Profit is what keeps companies running, and with more profit, more people get to keep their jobs, not only in the U.S., but in other countries.

        And, prices would indeed have to be raised to reflect the higher costs of labor if that labor was in the U.S. and other high-labor cost countries. So, instead of people being able to afford a computer every 2 or 3 or 4 years, they'd have to keep their computers for 8 or 10 years, because, those computers would be less affordable, and if those computers were less affordable and not as many got sold, a lot fewer of them would need to get built, and if fewer were built, there would be no need to have so many people building computers, and so, we'd end up with higher unemployment. Follow the dominoes.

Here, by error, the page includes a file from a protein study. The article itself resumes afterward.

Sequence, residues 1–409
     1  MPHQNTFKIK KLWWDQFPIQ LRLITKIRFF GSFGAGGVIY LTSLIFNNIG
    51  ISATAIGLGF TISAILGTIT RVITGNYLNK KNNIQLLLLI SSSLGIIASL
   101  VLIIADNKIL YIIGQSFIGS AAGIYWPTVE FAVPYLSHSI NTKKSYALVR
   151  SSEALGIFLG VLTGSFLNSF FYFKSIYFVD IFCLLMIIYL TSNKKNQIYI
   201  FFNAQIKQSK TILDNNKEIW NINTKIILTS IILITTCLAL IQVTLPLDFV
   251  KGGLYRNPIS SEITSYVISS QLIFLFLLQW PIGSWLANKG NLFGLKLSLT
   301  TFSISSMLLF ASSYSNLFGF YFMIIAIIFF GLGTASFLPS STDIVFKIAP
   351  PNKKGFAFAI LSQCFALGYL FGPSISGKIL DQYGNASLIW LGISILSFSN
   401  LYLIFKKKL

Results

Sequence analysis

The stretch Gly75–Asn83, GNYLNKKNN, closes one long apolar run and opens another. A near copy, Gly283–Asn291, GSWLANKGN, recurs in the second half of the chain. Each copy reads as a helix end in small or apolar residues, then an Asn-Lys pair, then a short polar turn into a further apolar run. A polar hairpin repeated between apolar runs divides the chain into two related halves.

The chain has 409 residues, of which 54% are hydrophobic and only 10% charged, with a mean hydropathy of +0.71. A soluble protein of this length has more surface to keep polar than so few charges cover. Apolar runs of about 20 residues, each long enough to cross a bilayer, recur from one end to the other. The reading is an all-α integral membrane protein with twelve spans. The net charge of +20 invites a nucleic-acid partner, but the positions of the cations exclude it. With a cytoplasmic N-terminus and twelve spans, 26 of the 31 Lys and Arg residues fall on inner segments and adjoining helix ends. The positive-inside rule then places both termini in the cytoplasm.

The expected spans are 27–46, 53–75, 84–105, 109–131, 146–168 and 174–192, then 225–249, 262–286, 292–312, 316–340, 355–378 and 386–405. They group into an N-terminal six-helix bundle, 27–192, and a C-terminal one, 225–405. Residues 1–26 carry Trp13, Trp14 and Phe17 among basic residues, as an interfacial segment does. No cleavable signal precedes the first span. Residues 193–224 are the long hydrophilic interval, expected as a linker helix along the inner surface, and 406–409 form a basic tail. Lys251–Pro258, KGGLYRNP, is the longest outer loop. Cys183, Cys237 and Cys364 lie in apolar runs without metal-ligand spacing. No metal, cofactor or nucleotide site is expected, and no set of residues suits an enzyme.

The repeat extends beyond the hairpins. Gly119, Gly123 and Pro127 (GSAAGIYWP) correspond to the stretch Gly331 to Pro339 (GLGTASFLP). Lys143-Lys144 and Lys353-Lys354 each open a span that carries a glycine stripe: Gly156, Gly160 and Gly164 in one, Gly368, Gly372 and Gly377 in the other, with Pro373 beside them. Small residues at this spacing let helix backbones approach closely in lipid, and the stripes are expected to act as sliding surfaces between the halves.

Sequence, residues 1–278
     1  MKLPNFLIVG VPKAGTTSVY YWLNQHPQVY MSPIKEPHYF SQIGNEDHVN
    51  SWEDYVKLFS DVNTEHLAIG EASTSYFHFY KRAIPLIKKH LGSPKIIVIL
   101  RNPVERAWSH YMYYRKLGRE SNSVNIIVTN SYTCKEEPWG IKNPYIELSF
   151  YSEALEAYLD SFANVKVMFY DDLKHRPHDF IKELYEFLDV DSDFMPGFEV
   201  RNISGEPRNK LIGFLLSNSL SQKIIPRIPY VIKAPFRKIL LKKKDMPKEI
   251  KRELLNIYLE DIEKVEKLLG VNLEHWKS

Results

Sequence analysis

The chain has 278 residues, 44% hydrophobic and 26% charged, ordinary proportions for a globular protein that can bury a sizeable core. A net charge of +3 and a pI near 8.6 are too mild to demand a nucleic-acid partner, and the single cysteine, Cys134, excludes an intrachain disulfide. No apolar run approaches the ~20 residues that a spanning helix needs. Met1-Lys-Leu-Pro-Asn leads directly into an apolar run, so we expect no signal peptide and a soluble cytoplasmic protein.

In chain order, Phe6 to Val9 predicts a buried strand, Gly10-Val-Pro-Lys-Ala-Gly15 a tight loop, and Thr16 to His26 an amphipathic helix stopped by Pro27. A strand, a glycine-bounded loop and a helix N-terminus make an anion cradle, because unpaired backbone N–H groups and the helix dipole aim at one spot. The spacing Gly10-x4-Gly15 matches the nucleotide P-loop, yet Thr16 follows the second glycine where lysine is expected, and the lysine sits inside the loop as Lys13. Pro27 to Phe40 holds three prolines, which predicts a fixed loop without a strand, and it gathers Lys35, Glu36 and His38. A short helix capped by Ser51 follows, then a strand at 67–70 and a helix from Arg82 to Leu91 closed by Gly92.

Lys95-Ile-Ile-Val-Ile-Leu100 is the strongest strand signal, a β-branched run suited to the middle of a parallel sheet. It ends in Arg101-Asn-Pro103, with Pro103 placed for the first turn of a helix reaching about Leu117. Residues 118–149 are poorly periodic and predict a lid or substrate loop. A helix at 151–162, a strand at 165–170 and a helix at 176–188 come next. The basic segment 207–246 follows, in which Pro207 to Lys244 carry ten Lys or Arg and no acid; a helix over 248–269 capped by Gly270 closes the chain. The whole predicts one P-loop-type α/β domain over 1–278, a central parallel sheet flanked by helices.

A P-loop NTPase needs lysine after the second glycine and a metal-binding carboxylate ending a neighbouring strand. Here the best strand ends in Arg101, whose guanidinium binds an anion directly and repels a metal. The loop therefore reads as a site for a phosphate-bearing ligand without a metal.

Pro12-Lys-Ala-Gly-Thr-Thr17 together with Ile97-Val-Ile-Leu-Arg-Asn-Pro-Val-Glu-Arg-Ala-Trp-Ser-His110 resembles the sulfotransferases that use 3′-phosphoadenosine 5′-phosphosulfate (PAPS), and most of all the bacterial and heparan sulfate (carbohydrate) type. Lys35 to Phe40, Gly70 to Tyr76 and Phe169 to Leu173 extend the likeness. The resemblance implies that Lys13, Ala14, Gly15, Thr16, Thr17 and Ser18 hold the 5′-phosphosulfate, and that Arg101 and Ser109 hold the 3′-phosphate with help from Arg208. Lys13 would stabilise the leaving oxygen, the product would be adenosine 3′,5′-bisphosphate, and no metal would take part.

• Joe.Smetona: You're just using hypotheticals, and not real cases,

        to try to make your point.

        Look, there is no doubt that, higher labor costs do raise the prices of goods and services. Anybody that would argue differently would be missing most of his brain.

        If there wasn't cheaper labor offshore, then there is no doubt that, companies would have to hire from within our shores, and that prices would have to reflect the higher costs of labor.